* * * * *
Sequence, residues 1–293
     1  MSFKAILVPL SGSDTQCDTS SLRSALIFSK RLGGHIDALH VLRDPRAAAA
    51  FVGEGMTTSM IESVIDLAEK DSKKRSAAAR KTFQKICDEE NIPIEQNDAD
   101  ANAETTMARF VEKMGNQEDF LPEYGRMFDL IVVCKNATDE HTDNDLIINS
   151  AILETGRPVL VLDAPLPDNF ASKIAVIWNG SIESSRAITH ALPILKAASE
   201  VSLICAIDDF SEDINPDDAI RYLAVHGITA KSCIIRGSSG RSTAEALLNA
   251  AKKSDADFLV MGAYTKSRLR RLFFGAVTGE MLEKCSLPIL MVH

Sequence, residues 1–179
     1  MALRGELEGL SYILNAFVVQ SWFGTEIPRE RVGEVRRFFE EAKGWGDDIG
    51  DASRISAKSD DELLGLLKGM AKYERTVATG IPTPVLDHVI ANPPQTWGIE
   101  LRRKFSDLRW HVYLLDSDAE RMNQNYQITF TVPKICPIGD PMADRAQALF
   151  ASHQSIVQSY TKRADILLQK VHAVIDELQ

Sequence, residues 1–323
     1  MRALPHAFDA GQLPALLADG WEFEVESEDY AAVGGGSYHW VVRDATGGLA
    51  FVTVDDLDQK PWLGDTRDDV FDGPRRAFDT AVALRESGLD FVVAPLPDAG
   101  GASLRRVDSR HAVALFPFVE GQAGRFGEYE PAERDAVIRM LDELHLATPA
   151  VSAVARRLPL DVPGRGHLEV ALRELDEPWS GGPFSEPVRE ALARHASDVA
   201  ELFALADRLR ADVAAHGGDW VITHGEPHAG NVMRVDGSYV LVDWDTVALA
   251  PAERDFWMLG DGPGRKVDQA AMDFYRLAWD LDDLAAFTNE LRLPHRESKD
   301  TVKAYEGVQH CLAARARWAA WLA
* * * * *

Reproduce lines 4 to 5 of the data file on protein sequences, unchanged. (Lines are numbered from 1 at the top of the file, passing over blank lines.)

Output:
   101  ANAETTMARF VEKMGNQEDF LPEYGRMFDL IVVCKNATDE HTDNDLIINS
   151  AILETGRPVL VLDAPLPDNF ASKIAVIWNG SIESSRAITH ALPILKAASE